The emergence and subsequent high-velocity take-up of social technologies and online publishing platforms has fundamentally changed the media landscape forever, disrupting many industries along the way, but perhaps none more so than media, marketing and communications (and the various sub-sets thereof).
‘Joe and Josephine Public’ have free access to online tools that give them a voice. The genie is out of the bottle, and it ain’t going back in! This turn of events has forced companies and organisations to seriously take notice of ‘the people’, to be more open and transparent in their communications with consumers.
Some are adapting well to this new scenario, but many are not.
For decades, traditional media was the obsession for PR firms, and rightly so. It was the only effective way to reach people en masse with your story and message. But not any more; today we have a vast array of channels through which to communicate with our desired audience, channels I might add that require a different way of thinking to what we’ve done traditionally.
Now, this does not mean generating editorial exposure through the media is obsolete — far from it, the media today remains a critically important means to generate visibility of, and talk around, causes, issues, products and brands.
But the art of media relations has definitely changed in light of severe disruption to traditional newsrooms, something Simon Holt, editor-in-chief of The Brisbane Times, articulates well in his excellent new book, 101 Ways to Connect with Modern Newsrooms (I recommend checking out Simon’s interview on the Brand Newsroom podcast).
Pockets of evidence
So we know change is occurring at a rapid rate, but are we changing as an industry?
Yes, I do see a lot of pockets of evidence of this happening in the marketplace, which is really heartening. But a nagging question for me remains: Are we adapting quickly enough?
Personally, I don’t think we are.
I was speaking to one experienced PR guy earlier this month and he proffered every excuse under the sun as to why his clients shouldn’t be on social media, but unfortunately he didn’t have a cogent explanation as to why this was the case.
NOT: “I’ve tried to get them on social but they flat-out refuse to do it”; it was just an unwillingness on his part to even float the idea. I suspect it’s because said practitioner is clinging steadfastly to the ‘old’ way of doing things. Anything else is too much hard work and requires a change in well-established habits.
This concerns me, and unfortunately I hear similar stories with alarmingly regularly.
New PR methods
To be fair, I also often hear from in-house PR practitioners expressing a keenness to explore new methods for reaching out to, and communicating with, their organisation’s constituents, but unfortunately they do find it difficult getting through anything of substance with executives higher up the line.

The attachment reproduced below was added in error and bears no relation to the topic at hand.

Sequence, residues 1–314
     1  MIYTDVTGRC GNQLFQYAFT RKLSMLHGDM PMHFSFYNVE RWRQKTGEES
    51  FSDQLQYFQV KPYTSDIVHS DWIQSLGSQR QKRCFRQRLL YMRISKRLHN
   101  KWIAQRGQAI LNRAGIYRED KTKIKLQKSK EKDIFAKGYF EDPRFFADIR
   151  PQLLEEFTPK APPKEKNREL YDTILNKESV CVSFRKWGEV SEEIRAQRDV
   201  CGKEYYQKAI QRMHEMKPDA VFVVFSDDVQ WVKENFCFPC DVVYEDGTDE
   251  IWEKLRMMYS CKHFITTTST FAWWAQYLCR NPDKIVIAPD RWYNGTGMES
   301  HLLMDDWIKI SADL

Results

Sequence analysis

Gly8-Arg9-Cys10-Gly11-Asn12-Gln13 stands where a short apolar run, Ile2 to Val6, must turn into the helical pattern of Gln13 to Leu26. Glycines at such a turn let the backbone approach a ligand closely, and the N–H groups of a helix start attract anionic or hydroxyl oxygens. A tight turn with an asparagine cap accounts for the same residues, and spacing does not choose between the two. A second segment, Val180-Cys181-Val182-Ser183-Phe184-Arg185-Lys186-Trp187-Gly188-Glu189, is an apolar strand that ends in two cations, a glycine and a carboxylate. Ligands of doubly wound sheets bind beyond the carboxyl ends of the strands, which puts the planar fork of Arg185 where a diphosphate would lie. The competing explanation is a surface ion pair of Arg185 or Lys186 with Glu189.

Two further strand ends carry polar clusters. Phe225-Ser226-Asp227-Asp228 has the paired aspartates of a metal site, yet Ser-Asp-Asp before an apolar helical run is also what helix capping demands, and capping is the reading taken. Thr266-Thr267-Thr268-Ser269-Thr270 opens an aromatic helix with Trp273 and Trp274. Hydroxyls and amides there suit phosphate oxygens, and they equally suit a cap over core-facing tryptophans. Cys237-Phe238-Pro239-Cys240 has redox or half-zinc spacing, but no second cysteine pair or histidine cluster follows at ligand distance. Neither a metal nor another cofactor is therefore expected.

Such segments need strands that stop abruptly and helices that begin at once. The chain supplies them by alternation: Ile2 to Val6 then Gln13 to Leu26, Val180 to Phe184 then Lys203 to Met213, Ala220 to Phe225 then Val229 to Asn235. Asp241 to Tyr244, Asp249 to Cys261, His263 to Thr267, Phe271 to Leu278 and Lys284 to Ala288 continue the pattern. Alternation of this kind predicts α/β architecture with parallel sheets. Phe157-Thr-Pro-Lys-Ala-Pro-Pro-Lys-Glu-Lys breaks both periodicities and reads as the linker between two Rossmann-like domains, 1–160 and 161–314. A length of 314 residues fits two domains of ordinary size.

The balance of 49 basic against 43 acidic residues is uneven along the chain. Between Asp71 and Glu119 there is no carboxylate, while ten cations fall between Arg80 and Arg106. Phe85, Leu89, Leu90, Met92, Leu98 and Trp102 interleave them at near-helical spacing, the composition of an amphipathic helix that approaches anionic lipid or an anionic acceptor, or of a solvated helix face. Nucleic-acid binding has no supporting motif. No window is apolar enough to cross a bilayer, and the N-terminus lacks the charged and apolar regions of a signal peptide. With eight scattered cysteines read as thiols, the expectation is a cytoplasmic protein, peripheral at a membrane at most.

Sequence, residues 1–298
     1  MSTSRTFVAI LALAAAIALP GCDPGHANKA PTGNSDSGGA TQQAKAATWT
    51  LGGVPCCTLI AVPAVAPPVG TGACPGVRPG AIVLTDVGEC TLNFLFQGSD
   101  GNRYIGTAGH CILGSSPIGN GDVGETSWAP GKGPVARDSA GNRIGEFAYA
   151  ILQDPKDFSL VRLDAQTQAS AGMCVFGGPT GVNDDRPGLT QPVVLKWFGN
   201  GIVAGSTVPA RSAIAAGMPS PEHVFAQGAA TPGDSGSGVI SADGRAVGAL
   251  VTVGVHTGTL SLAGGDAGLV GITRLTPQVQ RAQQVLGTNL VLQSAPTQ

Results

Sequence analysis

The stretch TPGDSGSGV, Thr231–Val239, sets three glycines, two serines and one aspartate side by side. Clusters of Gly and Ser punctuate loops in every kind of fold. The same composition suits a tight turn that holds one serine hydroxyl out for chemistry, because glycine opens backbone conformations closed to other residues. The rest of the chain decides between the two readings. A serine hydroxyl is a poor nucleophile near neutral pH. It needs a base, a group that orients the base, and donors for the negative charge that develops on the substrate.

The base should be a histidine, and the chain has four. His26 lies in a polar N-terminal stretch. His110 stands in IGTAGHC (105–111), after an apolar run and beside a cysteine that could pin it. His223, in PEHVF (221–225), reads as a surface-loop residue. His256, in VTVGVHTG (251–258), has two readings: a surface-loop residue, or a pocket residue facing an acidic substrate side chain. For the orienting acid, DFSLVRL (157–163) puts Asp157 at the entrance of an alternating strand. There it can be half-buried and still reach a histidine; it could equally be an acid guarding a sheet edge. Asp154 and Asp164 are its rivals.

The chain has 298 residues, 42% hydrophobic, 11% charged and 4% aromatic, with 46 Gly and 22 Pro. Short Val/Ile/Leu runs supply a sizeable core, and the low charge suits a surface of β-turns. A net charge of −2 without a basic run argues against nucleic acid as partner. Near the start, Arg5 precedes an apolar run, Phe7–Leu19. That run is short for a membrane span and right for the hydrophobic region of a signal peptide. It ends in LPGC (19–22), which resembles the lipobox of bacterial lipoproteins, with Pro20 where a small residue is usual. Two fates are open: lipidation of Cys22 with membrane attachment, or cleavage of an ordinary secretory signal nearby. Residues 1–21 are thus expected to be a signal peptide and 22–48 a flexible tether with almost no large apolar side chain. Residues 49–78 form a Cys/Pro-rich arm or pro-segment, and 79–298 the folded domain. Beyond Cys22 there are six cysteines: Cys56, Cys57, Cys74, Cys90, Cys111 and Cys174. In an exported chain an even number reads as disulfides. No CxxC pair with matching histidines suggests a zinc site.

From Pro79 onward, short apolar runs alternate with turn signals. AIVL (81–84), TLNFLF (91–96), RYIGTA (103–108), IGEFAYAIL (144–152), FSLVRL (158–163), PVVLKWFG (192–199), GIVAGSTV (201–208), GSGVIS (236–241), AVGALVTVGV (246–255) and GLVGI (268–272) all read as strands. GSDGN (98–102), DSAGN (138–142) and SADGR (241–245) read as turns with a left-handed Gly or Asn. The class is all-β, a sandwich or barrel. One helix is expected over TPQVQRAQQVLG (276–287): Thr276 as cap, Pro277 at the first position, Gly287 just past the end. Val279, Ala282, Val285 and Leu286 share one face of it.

The issue here might be they’re not strategic enough in their planning, nor compelling enough in the way they’re pitching it to the senior executive.
But let’s be frank, we’ve all been stonewalled by risk-averse business leaders at some point in our PR career and while it might be the fault of senior executives, this is not always the case necessarily.
We need to be cognisant the issue might not be with the business leadership group but from within our own ranks, the powers-that-be in the communications department who — for whatever reason, whether they are fearful or apathetic — are happy to stick to the pre-social age way of doing things.
In any case, if you are a PR practitioner who is stuck working for an organisation where either the head of PR (or equivalent title) is not open to change, or it’s those higher up the chain of command that are at fault — or maybe it’s both — perhaps you might want to give some thought as to whether you continue to work for that entity. I say this because there’s every chance you’re being held back professionally.
The PR industry is moving forward in response to the disruptive state it finds itself. If you’re not on that bus and moving forwards with it, you’re falling behind and undoubtedly will need to play catch-up at some stage.
This does not augur well for your PR career.
Why spend 2-3 years at an organisation that steadfastly refuses to change the way it communicates with the outside world (and potentially reinforcing bad habits while you’re at it) when you could be learning new skills — and gaining valuable experience — adapting to change within a company or organisation that ‘gets it’?
Do you think being held back in your existing role is going to make you a more attractive proposition for your next professional gig?
Food for thought!
Before signing off, let me stress I also hear good stories where strong PR leaders are having a big influence on the organisation they work for (and likewise, PR agencies too, if they’re working with progressive-thinking clients). These leaders are adapting to the new media landscape and are given the time and budget required to have an impact, which is an ideal scenario for the up-and-coming PR professional.